Tax Amnesty, Hotel Gambling Bills Passed In CNMI

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House vice-speaker opposes gaming machines aimed at tourists

By Haidee V. Eugenio

SAIPAN, CNMI (Saipan Tribune, May 10, 2013) – Two major revenue-generating bills passed the Northern Marianas House of Representatives late yesterday afternoon-one that provides a tax amnesty until Jan. 1, 2014, instead of until Jan. 1, 2017, as originally proposed, and one that amends the definition of "gambling device" to exclude electronic gaming machines in certain hotels on Saipan, Tinian, and Rota.

These two measures are among the 10 bills that the House passed and six resolutions adopted by the House.

Of the 10 bills passed, three are Senate bills that are now headed to the governor for action.

By a vote of 14-0 with one abstention and five absences, the House passed Rep. Tony Sablan's (IR-Saipan) tax amnesty measure, House Bill 18-28, House Draft 1.

Rep. Felicidad Ogumoro (R-Saipan) said she abstained for "personal reasons." She has a pending small claims [case] before the court.

Sablan, chairman of the House Ways and Means Committee, reiterated that a tax amnesty program is the "most cost-effective" way for the government to collect tax revenue during difficult economic times and one that is "better than writing off" debts to the government.

If this bill becomes law, this would only be the third time that the CNMI government will provide a tax amnesty. They were done in 2001 and 2005.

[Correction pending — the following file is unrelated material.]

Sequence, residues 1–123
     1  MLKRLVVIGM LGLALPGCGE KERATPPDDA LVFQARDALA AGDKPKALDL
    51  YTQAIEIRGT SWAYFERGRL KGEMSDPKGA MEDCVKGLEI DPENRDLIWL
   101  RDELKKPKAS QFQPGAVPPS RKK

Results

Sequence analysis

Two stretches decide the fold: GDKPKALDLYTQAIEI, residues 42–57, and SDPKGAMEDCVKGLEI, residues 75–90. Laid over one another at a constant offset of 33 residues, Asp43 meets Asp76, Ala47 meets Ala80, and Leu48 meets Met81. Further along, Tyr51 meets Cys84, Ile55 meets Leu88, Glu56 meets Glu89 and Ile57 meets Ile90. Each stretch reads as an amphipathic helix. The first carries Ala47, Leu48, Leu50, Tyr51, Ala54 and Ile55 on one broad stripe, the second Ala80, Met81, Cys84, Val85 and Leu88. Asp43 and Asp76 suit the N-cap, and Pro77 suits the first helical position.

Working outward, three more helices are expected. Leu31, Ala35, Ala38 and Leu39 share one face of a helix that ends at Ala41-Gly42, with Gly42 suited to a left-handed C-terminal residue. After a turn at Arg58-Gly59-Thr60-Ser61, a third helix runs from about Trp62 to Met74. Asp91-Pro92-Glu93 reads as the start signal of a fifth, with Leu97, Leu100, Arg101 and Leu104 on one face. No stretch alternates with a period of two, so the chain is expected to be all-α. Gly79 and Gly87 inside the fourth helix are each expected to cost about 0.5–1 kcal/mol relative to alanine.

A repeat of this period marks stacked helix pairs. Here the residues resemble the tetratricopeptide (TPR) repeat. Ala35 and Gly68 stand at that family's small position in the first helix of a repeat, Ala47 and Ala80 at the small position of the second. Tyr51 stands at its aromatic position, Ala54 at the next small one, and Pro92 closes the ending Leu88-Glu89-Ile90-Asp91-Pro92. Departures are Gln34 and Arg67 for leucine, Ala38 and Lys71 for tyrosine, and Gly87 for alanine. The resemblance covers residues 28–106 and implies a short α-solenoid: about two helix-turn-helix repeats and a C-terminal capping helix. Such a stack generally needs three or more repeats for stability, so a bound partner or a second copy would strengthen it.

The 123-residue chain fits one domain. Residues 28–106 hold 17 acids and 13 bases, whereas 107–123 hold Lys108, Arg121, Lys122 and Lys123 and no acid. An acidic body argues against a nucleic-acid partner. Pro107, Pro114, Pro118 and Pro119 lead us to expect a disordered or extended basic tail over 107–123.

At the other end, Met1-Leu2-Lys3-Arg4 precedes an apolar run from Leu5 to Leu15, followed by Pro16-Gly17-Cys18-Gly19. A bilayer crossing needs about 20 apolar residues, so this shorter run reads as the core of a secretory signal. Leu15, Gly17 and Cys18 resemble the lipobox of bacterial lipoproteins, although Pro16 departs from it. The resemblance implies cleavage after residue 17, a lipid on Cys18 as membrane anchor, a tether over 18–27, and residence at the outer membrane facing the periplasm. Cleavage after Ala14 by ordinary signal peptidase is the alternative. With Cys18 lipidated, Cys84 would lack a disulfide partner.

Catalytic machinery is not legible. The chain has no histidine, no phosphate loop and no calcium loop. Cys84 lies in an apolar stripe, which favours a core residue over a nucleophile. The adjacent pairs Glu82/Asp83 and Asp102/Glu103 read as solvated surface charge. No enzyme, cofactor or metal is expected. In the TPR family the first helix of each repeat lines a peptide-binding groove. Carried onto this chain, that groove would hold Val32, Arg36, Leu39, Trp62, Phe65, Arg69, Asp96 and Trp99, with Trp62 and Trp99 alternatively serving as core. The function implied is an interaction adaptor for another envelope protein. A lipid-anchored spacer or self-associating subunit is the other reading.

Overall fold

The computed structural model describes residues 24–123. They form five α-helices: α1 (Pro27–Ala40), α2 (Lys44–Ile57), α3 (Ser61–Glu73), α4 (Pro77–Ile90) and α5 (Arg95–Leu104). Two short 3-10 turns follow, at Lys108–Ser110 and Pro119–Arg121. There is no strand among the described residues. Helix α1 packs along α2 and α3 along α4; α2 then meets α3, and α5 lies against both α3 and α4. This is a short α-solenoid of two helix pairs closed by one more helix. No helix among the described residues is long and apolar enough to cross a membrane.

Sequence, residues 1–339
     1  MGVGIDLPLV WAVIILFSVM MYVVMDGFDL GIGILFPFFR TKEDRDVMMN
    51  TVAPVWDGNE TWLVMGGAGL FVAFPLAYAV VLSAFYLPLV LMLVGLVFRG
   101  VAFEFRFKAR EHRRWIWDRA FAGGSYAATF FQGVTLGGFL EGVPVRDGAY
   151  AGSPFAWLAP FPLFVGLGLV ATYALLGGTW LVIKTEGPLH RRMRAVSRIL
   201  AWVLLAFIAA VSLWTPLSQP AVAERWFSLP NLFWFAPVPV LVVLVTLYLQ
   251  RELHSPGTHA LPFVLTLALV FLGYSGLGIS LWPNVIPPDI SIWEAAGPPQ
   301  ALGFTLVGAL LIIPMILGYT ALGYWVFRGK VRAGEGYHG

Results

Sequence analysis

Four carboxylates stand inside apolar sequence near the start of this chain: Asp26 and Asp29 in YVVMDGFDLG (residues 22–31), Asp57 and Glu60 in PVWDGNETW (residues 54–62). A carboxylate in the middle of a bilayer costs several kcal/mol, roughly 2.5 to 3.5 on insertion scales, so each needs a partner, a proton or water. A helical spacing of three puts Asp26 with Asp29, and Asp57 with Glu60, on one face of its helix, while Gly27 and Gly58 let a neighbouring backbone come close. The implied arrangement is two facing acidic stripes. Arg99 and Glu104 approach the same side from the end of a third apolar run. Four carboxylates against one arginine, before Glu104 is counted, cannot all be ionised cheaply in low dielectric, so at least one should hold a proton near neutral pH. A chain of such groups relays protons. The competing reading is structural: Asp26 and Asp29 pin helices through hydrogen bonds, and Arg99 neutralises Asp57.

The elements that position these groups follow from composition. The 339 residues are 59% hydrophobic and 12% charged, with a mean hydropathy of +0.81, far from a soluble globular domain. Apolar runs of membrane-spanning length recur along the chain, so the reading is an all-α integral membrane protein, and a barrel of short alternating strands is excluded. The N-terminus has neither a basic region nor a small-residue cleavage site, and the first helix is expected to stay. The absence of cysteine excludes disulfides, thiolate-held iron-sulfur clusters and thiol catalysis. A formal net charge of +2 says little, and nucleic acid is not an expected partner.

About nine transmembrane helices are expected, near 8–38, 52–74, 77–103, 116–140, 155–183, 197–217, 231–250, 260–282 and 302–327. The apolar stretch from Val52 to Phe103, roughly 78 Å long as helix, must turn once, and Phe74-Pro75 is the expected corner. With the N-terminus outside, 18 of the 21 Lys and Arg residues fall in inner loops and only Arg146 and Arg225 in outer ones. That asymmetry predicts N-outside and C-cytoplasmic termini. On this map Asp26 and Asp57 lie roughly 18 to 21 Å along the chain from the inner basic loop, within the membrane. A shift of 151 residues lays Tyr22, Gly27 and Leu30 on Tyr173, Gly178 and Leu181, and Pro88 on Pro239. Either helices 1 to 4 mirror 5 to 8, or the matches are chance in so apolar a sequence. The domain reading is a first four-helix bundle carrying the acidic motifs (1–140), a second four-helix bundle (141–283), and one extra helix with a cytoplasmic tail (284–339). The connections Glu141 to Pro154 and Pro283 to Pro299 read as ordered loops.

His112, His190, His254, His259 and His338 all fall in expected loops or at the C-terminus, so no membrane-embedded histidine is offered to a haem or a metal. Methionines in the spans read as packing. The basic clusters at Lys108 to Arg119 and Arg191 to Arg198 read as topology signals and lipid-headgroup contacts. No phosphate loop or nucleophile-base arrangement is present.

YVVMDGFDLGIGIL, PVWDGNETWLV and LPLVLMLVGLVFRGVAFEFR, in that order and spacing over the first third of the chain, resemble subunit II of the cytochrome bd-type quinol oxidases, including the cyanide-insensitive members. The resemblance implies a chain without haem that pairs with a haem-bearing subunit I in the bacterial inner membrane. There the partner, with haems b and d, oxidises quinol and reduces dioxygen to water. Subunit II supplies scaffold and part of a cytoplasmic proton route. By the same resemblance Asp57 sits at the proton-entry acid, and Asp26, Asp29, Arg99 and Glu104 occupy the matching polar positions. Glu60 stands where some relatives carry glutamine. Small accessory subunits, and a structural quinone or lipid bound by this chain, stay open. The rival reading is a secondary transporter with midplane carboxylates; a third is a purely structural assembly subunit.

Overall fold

Under a tax amnesty program, penalties and interests on unpaid or unreported taxes are waived. It allows taxpayers to voluntarily come forward and take action to comply with tax laws.

A committee report recommending the bill's passage said tax amnesty usually results in accelerated collection of overdue tax revenues to the government, although the program's primary goal is to bring taxpayers back into compliance, thus strengthening future revenue collection.

Under the committee-amended bill, the tax amnesty takes effect upon the bill's signing into law and shall remain until Jan. 1, 2014. Sablan's original proposal is to have the amnesty program run until Jan. 1, 2017.

In yesterday's session, Sablan said the Department of Finance's concerns are addressed by the "exclusion" or exemption provision of the bill.

The tax amnesty does not apply to the following: persons against whom a criminal or civil action has been initiated and is pending for any violation of CNMI tax laws or any person being investigated for fraud; any person who has been convicted of tax fraud; any person who source of income is illegal; and any person who fraudulently files a special return under this Act.

The government has "at least" $12 million to $30 million in uncollected taxes based on the Executive Branch’s previous statements to the media.

Sablan’s proposal also waives the penalty for failure to obtain a business license.

Covered under the proposal are all taxes, including withholding taxes and all returns, including deductions, exemptions, and credits erroneously claimed in returns filed for all tax years prior to calendar year 2013.